Part 3. Introduction to the Post-Concussion Syndrome

  1. ICD-10 Criteria for Postconcussional Syndrome
  2. Nonspecific Symptoms
  3. Importance of Targeted Symptomatic Treatment

Session III.

Treatment and Rehabilitation Services
Ross D. Zafonte, DO

Key Elements:

  • List some of the most common persistent symptoms and problems following mild TBI.
  • Have working knowledge of the Guidelines for Managing Persistent Symptoms Following Mild TBI (Second Edition).
  • Describe both pharmacological and nonpharmacological interventions for persistent symptoms and problems.

Session Outline:

  1. Basic Principles: Focused, Evidence-Based Treatment for Specific Symptoms and Problems
  2. Post-Traumatic Headaches
  3. Sleep Disturbance
  4. Fatigue
  5. Balance and Visual Dysfunction
  6. Mental Health Symptoms
  7. Cognitive Difficulties

Session IV.

Cognitive Impairment, Cognitive Rehabilitation, and Physical Therapy
Grant L. Iverson, PhD; Lenore Herget, PT, DPT, MEd

Key Elements:

  • List 3 treatable conditions or factors that might have an adverse effect on cognitive functioning.
  • Name the symptoms and problems that are most appropriate for referral to physical therapy.
  • Describe physical therapy interventions for specific symptoms and problems.

Session Outline:

Part 1. Cognitive Impairment and Cognitive Rehabilitation

  1. Numerous factors can have an adverse effect on cognitive functioning
  2. Cognitive impairment can range from very mild to severe dementia
  3. Cognitive rehabilitation therapy can be restorative or compensatory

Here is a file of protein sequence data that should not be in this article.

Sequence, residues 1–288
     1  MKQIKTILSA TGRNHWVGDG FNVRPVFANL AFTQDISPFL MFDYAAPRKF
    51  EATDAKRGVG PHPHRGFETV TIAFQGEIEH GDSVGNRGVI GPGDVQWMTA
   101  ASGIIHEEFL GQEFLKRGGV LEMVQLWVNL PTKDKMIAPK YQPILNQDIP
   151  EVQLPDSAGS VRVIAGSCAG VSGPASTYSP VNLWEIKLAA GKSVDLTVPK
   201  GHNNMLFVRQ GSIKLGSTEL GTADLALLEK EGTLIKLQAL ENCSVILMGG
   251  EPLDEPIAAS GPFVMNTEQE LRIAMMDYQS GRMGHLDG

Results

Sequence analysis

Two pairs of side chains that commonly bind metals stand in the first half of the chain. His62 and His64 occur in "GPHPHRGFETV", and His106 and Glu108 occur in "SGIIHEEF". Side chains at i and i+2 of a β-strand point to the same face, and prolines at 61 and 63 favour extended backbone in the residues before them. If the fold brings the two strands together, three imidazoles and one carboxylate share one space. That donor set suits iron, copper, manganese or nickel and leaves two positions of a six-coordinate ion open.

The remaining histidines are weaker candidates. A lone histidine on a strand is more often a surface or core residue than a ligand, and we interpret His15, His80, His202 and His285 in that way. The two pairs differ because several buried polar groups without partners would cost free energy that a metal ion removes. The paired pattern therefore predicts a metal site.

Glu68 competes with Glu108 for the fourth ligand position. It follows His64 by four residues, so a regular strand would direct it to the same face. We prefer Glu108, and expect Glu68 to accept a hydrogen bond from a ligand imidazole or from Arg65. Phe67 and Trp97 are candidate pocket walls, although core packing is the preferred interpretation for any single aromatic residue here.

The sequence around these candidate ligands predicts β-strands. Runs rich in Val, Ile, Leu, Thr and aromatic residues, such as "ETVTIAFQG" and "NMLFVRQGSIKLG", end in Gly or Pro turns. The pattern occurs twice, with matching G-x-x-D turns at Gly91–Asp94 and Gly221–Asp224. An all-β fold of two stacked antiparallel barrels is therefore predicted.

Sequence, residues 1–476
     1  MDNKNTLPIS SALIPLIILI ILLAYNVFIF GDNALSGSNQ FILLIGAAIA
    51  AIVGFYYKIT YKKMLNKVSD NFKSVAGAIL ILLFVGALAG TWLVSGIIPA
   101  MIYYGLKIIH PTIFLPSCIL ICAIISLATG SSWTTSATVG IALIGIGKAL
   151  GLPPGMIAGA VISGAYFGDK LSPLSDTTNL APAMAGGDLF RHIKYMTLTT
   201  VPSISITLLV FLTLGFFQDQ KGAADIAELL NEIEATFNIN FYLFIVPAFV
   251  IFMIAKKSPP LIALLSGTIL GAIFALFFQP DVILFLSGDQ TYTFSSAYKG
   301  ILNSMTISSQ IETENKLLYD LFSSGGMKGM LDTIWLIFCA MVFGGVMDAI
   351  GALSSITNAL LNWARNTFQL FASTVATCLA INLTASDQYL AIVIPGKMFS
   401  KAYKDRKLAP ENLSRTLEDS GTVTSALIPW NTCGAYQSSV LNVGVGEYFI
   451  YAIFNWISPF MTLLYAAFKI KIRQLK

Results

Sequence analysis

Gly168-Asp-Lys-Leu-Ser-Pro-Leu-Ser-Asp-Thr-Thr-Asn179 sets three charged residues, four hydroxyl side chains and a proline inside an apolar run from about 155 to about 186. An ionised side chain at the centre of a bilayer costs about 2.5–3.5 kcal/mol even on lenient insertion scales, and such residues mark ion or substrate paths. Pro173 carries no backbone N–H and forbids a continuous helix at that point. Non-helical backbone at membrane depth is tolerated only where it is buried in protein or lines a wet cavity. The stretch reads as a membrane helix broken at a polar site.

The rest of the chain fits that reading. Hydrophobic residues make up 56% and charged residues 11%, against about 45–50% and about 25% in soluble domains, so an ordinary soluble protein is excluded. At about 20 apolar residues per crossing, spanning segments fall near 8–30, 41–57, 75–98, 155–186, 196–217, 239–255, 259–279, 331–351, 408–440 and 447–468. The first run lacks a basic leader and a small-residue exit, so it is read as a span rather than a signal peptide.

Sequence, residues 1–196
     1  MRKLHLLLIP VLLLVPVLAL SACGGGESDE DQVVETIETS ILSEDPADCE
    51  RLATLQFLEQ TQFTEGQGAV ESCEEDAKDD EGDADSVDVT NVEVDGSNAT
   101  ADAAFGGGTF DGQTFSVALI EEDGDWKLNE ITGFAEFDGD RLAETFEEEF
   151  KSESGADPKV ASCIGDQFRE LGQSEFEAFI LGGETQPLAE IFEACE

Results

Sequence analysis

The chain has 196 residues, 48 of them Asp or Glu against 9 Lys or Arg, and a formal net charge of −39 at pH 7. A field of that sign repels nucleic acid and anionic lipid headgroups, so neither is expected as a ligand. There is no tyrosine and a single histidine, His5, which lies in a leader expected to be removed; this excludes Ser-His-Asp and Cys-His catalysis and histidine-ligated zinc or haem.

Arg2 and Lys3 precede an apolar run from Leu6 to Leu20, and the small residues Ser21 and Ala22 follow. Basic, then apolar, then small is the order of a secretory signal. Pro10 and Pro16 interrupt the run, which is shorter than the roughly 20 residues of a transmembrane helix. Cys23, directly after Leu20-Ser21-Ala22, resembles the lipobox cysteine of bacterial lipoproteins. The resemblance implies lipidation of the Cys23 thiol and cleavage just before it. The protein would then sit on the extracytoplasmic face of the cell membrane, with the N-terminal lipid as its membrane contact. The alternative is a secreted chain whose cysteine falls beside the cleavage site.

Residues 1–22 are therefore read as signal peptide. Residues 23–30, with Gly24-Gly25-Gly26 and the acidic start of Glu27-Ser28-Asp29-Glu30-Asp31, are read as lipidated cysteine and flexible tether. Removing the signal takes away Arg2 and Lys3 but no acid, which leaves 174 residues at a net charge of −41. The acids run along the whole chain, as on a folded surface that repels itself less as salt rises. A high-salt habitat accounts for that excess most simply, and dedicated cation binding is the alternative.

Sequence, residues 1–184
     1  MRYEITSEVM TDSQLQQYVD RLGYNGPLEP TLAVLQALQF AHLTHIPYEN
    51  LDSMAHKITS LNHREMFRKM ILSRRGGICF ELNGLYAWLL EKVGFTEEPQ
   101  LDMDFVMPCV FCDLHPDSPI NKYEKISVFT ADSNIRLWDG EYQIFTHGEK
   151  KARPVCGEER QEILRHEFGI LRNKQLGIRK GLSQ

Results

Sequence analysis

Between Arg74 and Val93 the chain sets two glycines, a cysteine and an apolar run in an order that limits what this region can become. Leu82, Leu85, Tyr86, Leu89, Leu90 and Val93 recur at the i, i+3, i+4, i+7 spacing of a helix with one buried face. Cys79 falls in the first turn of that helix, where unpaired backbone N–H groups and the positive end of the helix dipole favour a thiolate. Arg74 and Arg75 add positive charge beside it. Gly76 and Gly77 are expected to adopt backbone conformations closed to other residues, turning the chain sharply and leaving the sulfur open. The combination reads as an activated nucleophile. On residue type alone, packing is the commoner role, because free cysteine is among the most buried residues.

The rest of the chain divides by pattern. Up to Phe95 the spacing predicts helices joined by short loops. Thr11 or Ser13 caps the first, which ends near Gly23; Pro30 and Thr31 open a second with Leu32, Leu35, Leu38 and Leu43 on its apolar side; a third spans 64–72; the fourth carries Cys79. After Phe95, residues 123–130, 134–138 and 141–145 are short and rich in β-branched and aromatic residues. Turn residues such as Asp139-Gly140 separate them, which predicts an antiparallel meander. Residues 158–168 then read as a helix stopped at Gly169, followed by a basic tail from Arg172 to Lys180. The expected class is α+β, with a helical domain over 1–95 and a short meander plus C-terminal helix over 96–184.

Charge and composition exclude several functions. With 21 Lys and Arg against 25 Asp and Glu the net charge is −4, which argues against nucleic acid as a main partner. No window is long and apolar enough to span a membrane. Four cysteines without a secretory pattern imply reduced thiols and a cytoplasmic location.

4. There is limited research on the effectiveness of cognitive rehabilitation, especially with mild TBI
  5. Veterans might have Multiple reasons for cognitive impairment, many of qhich are treatable

Part 2. Physical Therapy

  1. Target Symptoms: Headaches, Dizziness, Balance Problems, and Visual Disturbance
  2. Cervical Therapy
  3. Balance and Vestibular Therapy
  4. Therapy for Visual Disturbances

Bonus (Non-Accredited) Session

Hypopituitarism After Mild Traumatic Brain Injury
Nicholas A. Tritos, MD, DSc

Faculty

  • Senior Physical Therapist, Sports Physical Therapy Service, Massachusetts General Hospital
  • Professor, Department of Physical Medicine & Rehabilitation, Harvard Medical School
    Director, MassGeneral Hospital for Children Sports Concussion Program
    Associate Director, Traumatic Brain Injury, Red Sox Foundation and Massachusetts General Hospital Home Base Program
  • Associate Psychologist, Massachusetts General Hospital
    Program Director, The Bulfinch Program
    Clinical Psychologist, Home Base Program
    Assistant Professor of Psychiatry, Harvard Medical School
  • Staff Neuroendocrinologist, Neuroendocrine Unit and the Neuroendocrine and Pituitary Tumor Clinical Center, Massachusetts General Hospital
    Assistant Professor of Medicine, Harvard Medical School
  • Vice President of Medical Affairs, Spaulding Rehabilitation Hospital
    Clinical and Research Leader for Traumatic Brain Injury, Red Sox Foundation and Massachusetts General Hospital Home Base Program
    Earle P. and Ida S. Charlton Professor of Physical Medicine and Rehabilitation, Harvard Medical School

Target Audience

This program is intended for:

  • Psychiatrists
  • Psychologists
  • General and Family Practice Physicians
  • Physician Assistants
  • Nurses
  • Social Workers
  • Licensed Mental Health Counselors
  • Residents and Fellows

Moderator

Through the duration of the course, the designated faculty moderator will respond to any clinical questions that are submitted to the interactive discussion board. The moderator for this course is:

  • Grant L. Iverson, PhD

Educational Support